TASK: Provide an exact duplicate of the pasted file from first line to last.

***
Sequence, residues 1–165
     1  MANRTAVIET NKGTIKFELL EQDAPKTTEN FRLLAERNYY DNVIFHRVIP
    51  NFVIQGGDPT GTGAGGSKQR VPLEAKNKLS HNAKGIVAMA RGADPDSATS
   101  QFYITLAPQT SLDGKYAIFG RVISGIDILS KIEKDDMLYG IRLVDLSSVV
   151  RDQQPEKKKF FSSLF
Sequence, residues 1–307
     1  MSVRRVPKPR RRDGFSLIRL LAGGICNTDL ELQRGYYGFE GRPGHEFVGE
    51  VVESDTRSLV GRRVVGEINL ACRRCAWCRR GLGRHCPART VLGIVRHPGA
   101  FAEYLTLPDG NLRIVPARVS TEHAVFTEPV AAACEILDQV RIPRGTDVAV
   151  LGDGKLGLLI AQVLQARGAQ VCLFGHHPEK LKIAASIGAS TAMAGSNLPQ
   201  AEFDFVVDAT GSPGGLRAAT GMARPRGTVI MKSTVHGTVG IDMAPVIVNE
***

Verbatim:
Sequence, residues 1–165
     1  MANRTAVIET NKGTIKFELL EQDAPKTTEN FRLLAERNYY DNVIFHRVIP
    51  NFVIQGGDPT GTGAGGSKQR VPLEAKNKLS HNAKGIVAMA RGADPDSATS
   101  QFYITLAPQT SLDGKYAIFG RVISGIDILS KIEKDDMLYG IRLVDLSSVV
   151  RDQQPEKKKF FSSLF
Sequence, residues 1–307
     1  MSVRRVPKPR RRDGFSLIRL LAGGICNTDL ELQRGYYGFE GRPGHEFVGE
    51  VVESDTRSLV GRRVVGEINL ACRRCAWCRR GLGRHCPART VLGIVRHPGA
   101  FAEYLTLPDG NLRIVPARVS TEHAVFTEPV AAACEILDQV RIPRGTDVAV
   151  LGDGKLGLLI AQVLQARGAQ VCLFGHHPEK LKIAASIGAS TAMAGSNLPQ
   201  AEFDFVVDAT GSPGGLRAAT GMARPRGTVI MKSTVHGTVG IDMAPVIVNE